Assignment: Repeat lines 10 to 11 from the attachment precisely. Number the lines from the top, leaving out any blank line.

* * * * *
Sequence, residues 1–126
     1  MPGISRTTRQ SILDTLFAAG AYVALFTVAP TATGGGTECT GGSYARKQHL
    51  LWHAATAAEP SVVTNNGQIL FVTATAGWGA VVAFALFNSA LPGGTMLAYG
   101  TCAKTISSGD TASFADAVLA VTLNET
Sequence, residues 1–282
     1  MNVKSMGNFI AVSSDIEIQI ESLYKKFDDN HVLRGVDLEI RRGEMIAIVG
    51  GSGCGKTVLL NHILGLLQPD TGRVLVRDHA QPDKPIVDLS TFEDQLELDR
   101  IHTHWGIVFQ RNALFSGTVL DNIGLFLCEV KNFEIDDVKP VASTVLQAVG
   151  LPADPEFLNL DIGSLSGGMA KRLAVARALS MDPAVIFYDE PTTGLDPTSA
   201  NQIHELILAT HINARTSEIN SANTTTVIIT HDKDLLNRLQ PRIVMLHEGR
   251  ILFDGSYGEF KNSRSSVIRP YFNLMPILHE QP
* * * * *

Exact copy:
   201  NQIHELILAT HINARTSEIN SANTTTVIIT HDKDLLNRLQ PRIVMLHEGR
   251  ILFDGSYGEF KNSRSSVIRP YFNLMPILHE QP